His hands were mangled by shrapnel, which had also destroyed his weapon. He could hear his lieutenant groaning in pain a few yards away, and he was almost overcome by a sickening odor: An enemy soldier with a Soviet flamethrower was burning the bodies of Howard’s comrades killed in the attack.
Deciding to blow himself up rather than be incinerated, too, Howard struggled to get a grenade off his web belt, then fumbled with the pin. The soldier with the flamethrower watched him for a moment, then walked away. Howard threw the grenade after him,
then crawled to his lieutenant and tried to pull him down the hill into a ravine where the surviving Americans and South Vietnamese had taken refuge.
When he got the officer down to a large tree root, where another GI had taken shelter, he screamed at the soldier to hand over his weapon. The soldier tossed him his .45 pistol, then opened fire himself with his rifle, killing three enemy soldiers who were trying to capture Howard and his lieutenant.
At that moment an NVA round struck Howard’s ammunition pouch, blowing him several feet down the hill. Still clutching the .45, he crawled back to the lieutenant, shooting several North Vietnamese along the way, and finally dragged him down to the ravine.
Howard took charge of the remaining Special Forces troops, then called in U.S. air strikes. For the next two days the North Vietnamese probed his position. On the morning of December 31, U.S. helicopters were finally able to stage an evacuation.
Iwo Jima -- On March 2, Wahlen was wounded again, this time in the back. Again he refused evacuation. The next day, he moved out with his company in an assault that took him over more than six hundred yards of open terrain in the face of Japanese fire. He was hit in the leg; unable to walk, he crawled fifty yards to administer first aid to another fallen Marine. Of the 240 men in Wahlen’s company, only five came through the battle of Iwo Jima without being wounded or killed. Counting replacements brought up during the fighting, the company suffered a 125 percent casualty rate.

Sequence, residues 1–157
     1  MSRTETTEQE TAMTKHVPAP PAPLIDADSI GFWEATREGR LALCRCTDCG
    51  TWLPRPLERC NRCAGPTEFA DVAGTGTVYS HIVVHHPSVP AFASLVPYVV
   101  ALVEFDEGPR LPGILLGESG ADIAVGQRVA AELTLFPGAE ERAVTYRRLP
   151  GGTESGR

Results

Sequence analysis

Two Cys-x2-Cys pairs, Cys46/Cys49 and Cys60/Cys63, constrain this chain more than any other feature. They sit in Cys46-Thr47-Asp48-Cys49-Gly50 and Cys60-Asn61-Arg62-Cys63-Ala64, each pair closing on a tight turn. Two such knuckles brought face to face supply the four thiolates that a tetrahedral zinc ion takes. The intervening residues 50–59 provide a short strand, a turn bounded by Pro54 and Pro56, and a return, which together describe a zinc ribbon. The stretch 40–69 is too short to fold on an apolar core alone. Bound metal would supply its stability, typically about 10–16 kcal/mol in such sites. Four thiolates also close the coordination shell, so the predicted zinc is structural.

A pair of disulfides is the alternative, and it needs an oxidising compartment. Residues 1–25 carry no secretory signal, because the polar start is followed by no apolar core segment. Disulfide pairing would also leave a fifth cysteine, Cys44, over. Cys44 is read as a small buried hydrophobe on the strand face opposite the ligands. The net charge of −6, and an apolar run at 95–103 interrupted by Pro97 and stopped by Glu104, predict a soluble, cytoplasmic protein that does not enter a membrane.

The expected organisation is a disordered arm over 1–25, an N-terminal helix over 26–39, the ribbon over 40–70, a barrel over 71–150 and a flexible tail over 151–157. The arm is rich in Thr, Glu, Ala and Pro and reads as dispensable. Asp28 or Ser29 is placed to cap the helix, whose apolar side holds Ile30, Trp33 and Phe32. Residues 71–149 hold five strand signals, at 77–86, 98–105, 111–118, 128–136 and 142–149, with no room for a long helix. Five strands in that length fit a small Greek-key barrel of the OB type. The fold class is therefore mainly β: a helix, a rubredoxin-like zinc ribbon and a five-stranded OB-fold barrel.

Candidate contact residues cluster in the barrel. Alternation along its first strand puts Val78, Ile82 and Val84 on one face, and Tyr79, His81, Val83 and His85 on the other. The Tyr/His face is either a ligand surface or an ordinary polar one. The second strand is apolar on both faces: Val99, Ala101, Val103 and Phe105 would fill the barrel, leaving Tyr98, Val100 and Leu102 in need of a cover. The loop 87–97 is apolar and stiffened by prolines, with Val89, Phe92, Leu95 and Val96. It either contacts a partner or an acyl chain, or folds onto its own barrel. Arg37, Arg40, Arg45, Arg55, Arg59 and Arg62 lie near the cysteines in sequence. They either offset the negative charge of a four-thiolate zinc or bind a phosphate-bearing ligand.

Sakato tried to enlist in the Army Air Corps but was rejected because of his draft status—4-C, undesirable alien.
Finally successful, he enlisted and was assigned to the 442nd Regt. Comnat Team.
When Germans counterattacked his unit, one of his close friends was hit and died in his arms. Seeking vengeance, Sakato took charge of the squad, fighting with an enemy rifle and pistol he picked up from the battlefield after his tommy gun ran out of ammunition. He killed another seven Germans and led his platoon in capturing thirty-four more. His unit held its position until it was relieved.